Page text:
On the last day of 2021, we woke to hills transformed into gigantic piles of soft cotton. The snow in the meadow covered all but the tips of tall yellow grasses. Even under cloudy skies, a sunny glow suffused the meadow. The husband and I had arrived early for our New Year’s cabin retreat. We satisfied a dream–to get snowed in with our cross-country skis. It was a blissful get-away, even if one of us did go a little crazy. It wasn’t him.
On New Year’s morning, I woke to a Covid exposure notification on my phone. Of course, I said to myself, that scratchy throat, I knew it! A home test was negative, and my throat settled down, but a too-familiar Covid anxiety squeezed my cranium. Triple-vaccinated, I wasn’t worried; I was just in the mood to not get sick. I mean, wouldn’t it be cool not to get Covid during this vertical wave, this tsunami of contagion? When we texted our friends who had breakthrough cases, none of them wrote back, Hey, this is fun, you should try it!
We had hoped for a road trip to Arizona, but mean Mother Omicron shook her finger at us: “Oh, no you don’t!” A day at a hot spring pool also felt risky, so forget that. Instead, we wrote and we read. We slept hard, watched shooting stars before dawn, and skied. Even four days of great skiing, though, only ate seven and half hours.
First cheerfully, then with an edge of disagreement, we discussed what animals may have left the distorted tracks around the cabin and in the woods. Coyotes, he said, and I said moose. He guessed coyote again. The strangest prints turned out to be from snow blobs that had fallen off of the bare branches. Back in the house, I start pacing.
On day five, running low on fresh food and drinking water, we headed to Prather’s market, commercial hub of Fairplay. The store was full of people, none of them masked. Wide-eyed, we snagged some frozen spinach and only a few gallons of drinking water, which quickly ran low. I stepped in and out with a big pot and scooped up snow to melt on the heat stove. I was glad to have this little chore–it greatly expanded my pacing route.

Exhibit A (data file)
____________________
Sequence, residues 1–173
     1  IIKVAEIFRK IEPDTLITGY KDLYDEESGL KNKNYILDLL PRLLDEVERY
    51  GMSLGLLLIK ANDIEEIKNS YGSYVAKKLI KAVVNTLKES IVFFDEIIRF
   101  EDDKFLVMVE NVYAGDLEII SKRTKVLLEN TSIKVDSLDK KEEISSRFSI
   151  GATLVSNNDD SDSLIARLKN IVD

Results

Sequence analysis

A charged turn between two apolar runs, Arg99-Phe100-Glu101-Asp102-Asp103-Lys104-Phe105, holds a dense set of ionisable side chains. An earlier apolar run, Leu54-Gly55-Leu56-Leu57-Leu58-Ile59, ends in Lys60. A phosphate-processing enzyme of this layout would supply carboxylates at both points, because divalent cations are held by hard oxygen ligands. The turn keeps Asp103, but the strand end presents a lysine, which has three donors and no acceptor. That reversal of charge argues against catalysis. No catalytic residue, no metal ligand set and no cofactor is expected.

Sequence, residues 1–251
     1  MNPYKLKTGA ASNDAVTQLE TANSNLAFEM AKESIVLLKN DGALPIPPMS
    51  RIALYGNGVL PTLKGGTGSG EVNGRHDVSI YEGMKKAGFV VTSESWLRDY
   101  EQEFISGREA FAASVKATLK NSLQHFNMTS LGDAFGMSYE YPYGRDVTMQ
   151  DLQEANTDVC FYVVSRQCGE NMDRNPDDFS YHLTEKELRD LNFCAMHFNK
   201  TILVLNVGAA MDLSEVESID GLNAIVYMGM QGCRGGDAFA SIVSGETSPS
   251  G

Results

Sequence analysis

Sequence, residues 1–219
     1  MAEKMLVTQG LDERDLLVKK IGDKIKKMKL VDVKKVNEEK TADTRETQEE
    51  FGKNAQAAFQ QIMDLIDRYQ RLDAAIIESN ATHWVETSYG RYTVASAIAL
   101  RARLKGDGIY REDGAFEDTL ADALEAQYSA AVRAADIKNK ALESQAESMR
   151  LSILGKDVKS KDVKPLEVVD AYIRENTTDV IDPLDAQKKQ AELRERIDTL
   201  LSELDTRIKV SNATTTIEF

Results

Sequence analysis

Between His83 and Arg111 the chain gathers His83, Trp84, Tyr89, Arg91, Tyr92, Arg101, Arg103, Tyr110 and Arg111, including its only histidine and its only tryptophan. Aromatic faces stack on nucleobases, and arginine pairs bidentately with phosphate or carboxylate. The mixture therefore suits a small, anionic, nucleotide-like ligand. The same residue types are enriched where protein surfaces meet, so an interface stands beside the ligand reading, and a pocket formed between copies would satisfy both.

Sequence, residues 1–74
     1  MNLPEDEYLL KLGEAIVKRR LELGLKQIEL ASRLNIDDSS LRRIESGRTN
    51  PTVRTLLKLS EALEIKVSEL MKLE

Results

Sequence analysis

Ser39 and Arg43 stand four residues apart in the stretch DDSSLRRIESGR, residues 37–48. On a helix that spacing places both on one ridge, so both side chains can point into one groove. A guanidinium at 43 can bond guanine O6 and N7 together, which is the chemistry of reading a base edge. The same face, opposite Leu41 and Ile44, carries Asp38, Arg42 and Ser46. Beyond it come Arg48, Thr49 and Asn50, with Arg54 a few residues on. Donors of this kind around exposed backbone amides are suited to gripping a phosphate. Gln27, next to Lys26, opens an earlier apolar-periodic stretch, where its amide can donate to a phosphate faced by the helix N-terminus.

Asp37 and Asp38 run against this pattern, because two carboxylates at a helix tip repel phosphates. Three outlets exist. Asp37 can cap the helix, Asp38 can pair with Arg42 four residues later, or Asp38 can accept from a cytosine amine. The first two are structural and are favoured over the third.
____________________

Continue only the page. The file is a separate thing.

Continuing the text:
I settled down with a book, and the husband immediately walked down the stairs just to say, Oh, it’s chilly down here. Half an hour later, I got restless again and found him. It’s really warm up here, I say. We did this again and again.
One day, we chatted outside with a neighbor for a few minutes. I found myself wanting to cling to his arm, to ask, Must you go? Marrying and keeping one favorite person is a great thing, but, honey, I think we might need to start talking to other people.
A howling wind storm scoured the snow into hard drifts on our driveway. We ate quinoa for lunch, followed by oatmeal for dinner. I fantasized about sushi, about traffic jams and air pollution, while my introverted sweetie got happier and happier. I’m never leaving, he intoned as he gazed at the winter sky, his face serene. He said this every day. Every. Single. Day.
The gusts calmed. I cleared the driveway and escaped over Hoosier Pass to Arapahoe Basin for a downhill ski day. After a few runs, I sat at picnic table in the sun and giggled at a sweet email from a writer friend.
Now you have to tell me what’s so funny, came an unfamiliar voice from the far corner of the table. A conversation with a stranger! Do I remember how to do this? I asked him where he’s from, and he asked for music recommendations in Denver. I haven’t been out to music in a really long time, I said. I wonder why? He parried back, and we laughed together.
After a few minutes, I stood up, my sandwich finished, and said It’s been lovely talking with you. It really was lovely. I took a few fresh stories back for our last night at the cabin, suddenly full of hope for 2022.